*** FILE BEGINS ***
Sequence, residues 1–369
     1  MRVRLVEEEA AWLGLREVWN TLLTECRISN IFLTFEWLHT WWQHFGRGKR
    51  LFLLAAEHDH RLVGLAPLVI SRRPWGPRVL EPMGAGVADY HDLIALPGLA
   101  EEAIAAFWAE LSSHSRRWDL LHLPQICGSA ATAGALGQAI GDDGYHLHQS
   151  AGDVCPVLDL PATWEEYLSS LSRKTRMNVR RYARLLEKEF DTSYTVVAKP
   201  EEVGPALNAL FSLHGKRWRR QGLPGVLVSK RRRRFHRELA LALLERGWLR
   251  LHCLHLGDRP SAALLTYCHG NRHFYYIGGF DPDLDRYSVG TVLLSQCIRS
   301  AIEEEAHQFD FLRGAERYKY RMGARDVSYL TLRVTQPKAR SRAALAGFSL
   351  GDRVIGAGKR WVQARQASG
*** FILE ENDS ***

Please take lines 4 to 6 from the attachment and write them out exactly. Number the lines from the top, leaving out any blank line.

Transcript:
   101  EEAIAAFWAE LSSHSRRWDL LHLPQICGSA ATAGALGQAI GDDGYHLHQS
   151  AGDVCPVLDL PATWEEYLSS LSRKTRMNVR RYARLLEKEF DTSYTVVAKP
   201  EEVGPALNAL FSLHGKRWRR QGLPGVLVSK RRRRFHRELA LALLERGWLR